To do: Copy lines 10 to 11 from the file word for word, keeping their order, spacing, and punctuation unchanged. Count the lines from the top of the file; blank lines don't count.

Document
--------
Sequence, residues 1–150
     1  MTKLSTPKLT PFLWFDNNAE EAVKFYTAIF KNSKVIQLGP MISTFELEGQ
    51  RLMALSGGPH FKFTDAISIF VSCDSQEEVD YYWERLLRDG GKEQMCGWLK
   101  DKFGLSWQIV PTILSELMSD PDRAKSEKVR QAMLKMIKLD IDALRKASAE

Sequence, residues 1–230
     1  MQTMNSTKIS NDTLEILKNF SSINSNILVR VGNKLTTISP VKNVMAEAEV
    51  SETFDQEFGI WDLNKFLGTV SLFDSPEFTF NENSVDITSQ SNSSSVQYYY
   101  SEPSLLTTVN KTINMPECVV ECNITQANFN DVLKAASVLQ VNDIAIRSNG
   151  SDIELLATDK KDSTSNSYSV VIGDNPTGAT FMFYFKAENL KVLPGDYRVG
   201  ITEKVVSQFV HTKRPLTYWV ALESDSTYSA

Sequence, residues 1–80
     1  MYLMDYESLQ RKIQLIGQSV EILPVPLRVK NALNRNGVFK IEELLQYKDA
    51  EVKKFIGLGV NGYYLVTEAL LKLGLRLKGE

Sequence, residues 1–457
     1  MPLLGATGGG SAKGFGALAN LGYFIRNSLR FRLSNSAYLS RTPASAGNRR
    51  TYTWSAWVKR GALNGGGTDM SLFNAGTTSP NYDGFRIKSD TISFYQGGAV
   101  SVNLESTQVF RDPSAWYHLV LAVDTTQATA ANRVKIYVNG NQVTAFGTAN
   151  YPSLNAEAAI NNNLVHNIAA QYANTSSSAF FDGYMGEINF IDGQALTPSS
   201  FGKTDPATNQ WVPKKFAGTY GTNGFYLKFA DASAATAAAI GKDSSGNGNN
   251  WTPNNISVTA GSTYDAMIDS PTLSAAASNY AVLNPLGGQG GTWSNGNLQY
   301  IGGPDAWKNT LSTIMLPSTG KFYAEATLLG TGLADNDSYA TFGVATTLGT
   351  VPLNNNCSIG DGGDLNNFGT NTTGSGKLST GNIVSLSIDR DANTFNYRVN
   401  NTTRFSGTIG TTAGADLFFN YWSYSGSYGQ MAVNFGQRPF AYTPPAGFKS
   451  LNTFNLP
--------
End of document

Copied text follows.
   201  ITEKVVSQFV HTKRPLTYWV ALESDSTYSA

Sequence, residues 1–80